Can money buy happiness? Subjective wellbeing and its relationship with income, relative income, monetary and non-monetary poverty in Bangladesh

Salauddin Tauseef


This paper presents an empirical analysis of the importance of income, relative income, monetary and non-monetary poverty for individual wellbeing or happiness in rural Bangladesh. The study is the first estimate of a wellbeing function for Bangladesh using nationally representative micro-panel data. Employing a linear panel model with individual random effects and a large set of control variables like education, working status and disability, we found a strong and positive relationship between wellbeing and income. Being further below the poverty line – estimated using the depth- of poverty measure – was found to have a significant negative effect on happiness. On the other hand, the income of the reference group was found to be just as important as one’s own income for an individual’s happiness. Comparisons were found to be asymmetric and upwards. Improvements in a multidimensional poverty index, constructed using indicators of household education, health and living standards, were found to have a positive and significant relationship with happiness in all specifications. Gender-disaggregated analysis reveals that, while the income effect was found to be stronger for male individuals, the effects of relative income, monetary and nonmonetary poverty on subjective wellbeing are larger for female individuals. The results thus point towards a need to incorporate such notions into the assessment of individuals’ wellbeing.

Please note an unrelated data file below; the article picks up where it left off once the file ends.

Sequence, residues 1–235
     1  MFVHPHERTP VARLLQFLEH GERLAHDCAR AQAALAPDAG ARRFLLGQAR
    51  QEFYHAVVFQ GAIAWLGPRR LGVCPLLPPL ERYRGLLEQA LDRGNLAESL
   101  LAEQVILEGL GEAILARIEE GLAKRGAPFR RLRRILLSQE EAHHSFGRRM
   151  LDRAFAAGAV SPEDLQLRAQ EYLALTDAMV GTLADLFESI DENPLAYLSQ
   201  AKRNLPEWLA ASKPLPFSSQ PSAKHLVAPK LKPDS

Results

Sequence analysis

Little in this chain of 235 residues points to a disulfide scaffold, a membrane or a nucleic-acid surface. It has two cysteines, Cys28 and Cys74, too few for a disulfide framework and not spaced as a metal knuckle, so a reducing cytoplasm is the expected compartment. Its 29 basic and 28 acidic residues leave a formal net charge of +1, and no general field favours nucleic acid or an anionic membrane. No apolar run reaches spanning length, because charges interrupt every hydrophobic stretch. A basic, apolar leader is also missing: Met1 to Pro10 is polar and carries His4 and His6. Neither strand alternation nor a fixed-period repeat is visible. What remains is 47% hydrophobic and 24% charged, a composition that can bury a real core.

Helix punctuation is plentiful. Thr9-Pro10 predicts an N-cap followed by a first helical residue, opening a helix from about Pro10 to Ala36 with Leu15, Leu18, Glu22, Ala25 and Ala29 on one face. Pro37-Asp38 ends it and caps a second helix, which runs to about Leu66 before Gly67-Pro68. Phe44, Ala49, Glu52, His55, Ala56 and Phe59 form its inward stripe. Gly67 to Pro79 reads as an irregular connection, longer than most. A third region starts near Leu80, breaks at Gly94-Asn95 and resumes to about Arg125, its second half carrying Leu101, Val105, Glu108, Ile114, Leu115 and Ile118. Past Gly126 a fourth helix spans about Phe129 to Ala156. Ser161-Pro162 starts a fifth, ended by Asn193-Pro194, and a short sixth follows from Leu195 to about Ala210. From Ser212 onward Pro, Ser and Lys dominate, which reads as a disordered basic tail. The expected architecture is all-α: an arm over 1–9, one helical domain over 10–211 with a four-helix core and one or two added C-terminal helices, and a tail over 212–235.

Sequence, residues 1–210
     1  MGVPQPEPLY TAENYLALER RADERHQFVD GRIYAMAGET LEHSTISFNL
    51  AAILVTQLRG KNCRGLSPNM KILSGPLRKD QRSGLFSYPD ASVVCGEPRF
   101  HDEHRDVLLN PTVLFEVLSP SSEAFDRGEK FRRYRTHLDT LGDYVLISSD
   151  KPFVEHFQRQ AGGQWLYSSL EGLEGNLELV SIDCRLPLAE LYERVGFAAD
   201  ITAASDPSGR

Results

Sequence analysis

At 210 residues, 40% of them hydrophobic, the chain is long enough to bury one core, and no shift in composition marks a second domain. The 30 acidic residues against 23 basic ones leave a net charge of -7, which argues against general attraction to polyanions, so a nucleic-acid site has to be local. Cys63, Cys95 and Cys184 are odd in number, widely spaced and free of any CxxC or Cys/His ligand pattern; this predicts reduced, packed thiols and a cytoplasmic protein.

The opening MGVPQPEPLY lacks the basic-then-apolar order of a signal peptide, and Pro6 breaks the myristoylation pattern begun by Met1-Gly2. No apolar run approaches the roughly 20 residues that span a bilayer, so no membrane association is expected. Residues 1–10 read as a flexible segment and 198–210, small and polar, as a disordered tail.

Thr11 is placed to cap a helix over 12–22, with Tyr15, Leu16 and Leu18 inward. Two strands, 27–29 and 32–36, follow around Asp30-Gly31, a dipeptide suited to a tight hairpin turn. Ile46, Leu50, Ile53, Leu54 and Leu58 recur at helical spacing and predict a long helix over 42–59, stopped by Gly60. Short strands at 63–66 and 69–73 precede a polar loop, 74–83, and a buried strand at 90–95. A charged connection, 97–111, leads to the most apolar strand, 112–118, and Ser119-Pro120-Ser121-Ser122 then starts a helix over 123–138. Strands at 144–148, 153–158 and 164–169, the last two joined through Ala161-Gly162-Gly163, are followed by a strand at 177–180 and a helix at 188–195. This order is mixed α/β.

Subjective wellbeing, income, relative income, reference group, poverty, multidimensional poverty index, panel data, Bangladesh

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